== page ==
Parent’s FOIA request shows more to RPS 2018 toilet paper debacle
Jeremy M. Lazarus | 4/19/2019, 6 a.m.
Richmond Public Schools expects to finish the current school year with plenty of toilet paper, paper towels and cleaning supplies at each of its buildings, according to Michelle Hudacsko, chief of staff to RPS Superintendent Jason Kamras.
There is sufficient funding, and instead of a staff member being assigned to take orders from schools and get them filled, the “schools receive automated janitorial supply deliveries so that they don’t have to place orders. We also keep a small reserve on hand, if needed,” Ms. Hudacsko stated in response to a Free Press query.
That’s a far cry from last year when at least 40 of the school system’s 52 buildings, including the Richmond Technical Center, ran short of the essentials, resulting in a small brigade of parents and others pitching in to provide toilet paper and paper towels.
Cindy L. Anderson, an RPS parent and businesswoman, created a fundraising site to generate donations and then played a key role in purchasing and delivering the supplies in an effort to resolve the embarrassing situation.
She credits teacher Mary Gresham with issuing the first social media alert on May 31 about a shortage of toilet paper and paper towels and that there was no money “in the custodial budget.” Ms. Anderson also praises Thea Ward, owner of World of Mirth in Carytown, for allowing her store to be used as a drop-off point for the supplies that flooded in, as well as the volunteers who supported the effort and drove the supplies to schools.
While RPS operations manager James Oliver was held responsible for the debacle and fired after 49 years with the school system, the reality is far different, according to a 2018 chain of RPS emails that Ms. Anderson later secured through a Freedom of Information Act request.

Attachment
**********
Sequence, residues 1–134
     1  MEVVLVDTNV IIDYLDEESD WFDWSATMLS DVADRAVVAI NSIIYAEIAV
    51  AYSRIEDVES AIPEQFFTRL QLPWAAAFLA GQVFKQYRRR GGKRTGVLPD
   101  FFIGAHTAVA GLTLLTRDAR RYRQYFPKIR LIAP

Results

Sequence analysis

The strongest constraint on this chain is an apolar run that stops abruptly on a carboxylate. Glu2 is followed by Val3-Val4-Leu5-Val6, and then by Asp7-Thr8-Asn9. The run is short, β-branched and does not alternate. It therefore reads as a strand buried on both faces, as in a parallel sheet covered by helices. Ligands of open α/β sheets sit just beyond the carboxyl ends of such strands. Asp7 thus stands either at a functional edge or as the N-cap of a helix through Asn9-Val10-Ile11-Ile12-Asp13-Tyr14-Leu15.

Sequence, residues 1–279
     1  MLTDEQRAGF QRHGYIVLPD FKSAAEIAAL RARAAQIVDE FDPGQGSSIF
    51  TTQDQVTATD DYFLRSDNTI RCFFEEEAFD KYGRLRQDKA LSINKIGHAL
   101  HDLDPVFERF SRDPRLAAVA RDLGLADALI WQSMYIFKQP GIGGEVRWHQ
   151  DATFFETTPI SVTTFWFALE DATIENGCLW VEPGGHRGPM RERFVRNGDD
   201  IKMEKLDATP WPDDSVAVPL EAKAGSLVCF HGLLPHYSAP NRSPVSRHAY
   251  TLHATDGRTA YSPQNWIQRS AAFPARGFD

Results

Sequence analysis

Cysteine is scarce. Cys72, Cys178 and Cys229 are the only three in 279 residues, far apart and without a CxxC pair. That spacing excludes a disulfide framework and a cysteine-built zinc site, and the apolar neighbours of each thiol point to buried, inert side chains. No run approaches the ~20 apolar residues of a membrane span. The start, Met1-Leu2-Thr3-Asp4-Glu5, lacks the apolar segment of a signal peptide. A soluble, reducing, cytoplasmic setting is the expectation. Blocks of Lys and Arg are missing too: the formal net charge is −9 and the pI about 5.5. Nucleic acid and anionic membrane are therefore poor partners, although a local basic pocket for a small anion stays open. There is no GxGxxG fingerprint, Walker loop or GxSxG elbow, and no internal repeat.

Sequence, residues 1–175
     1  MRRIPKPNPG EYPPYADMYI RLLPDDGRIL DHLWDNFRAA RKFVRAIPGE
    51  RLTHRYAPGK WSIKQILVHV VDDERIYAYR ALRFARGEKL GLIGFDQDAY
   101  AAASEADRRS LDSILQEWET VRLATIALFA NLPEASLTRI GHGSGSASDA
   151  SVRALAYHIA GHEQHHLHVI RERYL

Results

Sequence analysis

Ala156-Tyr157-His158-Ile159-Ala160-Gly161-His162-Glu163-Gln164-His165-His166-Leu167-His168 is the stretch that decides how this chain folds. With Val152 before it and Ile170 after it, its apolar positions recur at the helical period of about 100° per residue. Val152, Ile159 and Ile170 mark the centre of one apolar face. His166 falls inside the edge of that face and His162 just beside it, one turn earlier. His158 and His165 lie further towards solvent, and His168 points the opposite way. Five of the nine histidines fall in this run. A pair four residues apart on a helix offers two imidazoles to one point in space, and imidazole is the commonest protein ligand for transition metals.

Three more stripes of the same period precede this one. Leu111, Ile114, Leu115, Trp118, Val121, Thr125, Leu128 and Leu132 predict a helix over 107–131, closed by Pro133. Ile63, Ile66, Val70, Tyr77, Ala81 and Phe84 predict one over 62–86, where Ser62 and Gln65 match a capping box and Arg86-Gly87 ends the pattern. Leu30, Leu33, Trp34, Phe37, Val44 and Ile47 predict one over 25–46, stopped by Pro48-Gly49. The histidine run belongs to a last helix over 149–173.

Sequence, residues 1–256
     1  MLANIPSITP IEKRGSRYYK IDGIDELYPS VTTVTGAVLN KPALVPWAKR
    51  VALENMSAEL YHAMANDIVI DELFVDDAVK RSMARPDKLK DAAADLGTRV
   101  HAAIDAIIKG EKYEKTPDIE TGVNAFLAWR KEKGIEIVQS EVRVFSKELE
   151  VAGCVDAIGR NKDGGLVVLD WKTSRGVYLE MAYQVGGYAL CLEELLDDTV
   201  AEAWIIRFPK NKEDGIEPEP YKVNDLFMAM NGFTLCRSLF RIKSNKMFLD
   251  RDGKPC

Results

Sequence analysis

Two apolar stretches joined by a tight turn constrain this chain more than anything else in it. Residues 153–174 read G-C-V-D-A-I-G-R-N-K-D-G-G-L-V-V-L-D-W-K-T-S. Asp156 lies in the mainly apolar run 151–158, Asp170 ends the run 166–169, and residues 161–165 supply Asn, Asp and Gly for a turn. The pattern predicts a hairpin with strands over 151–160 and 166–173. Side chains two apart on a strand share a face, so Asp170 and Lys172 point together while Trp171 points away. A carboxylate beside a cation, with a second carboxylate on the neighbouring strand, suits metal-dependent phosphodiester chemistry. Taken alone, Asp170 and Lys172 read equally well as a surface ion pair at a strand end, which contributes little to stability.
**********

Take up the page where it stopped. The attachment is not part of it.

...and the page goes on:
According to the emails, Mr. Kamras failed to consider the requests for money for the supply budget an urgent matter and then downplayed the problem.
The emails show that Mr. Kamras received a request to shift $50,000 to the depleted custodial supply budget on Wednesday, May 23, but didn’t approve it until nine days later on Friday, June 1. The delay only made the shortage worse.
As social media began to blow up Thursday and Friday with posts from concerned teachers and parents, and as media inquiries began flowing in about the lack of toilet paper at schools, Mr. Kamras issued a tweet Saturday, June 2, stating, “We don’t need folks to donate. A couple of schools had issues on Friday. That’s unacceptable, and I’ve made that abundantly clear to the RPS team. But I guarantee every school will have supplies on Monday morning (June 4).”
Ms. Anderson saw the tweet and immediately responded that Mr. Kamras was understating the situation. She also told the Free Press this week that Mr. Kamras did not follow through on his guarantee, noting that she and other volunteers continued to deliver toilet paper to schools through Thursday, June 7.
According to a summary of the events that Mr. Oliver later provided as he sought to keep his job, he began hearing from Ronald Horton about the need to replenish supplies in March. Mr. Horton was in charge of taking supply orders from schools and ensuring they were filled and delivered.
On March 13, 2018, an email from Mr. Horton to Mr. Oliver and Deidra Starkes, an administrative assistant in the central office and later to RPS’ new chief operating officer, Darrin Simmons Jr., stated that Mr. Horton had orders from 30 schools and could not completely fill them because the custodial supply budget was running short.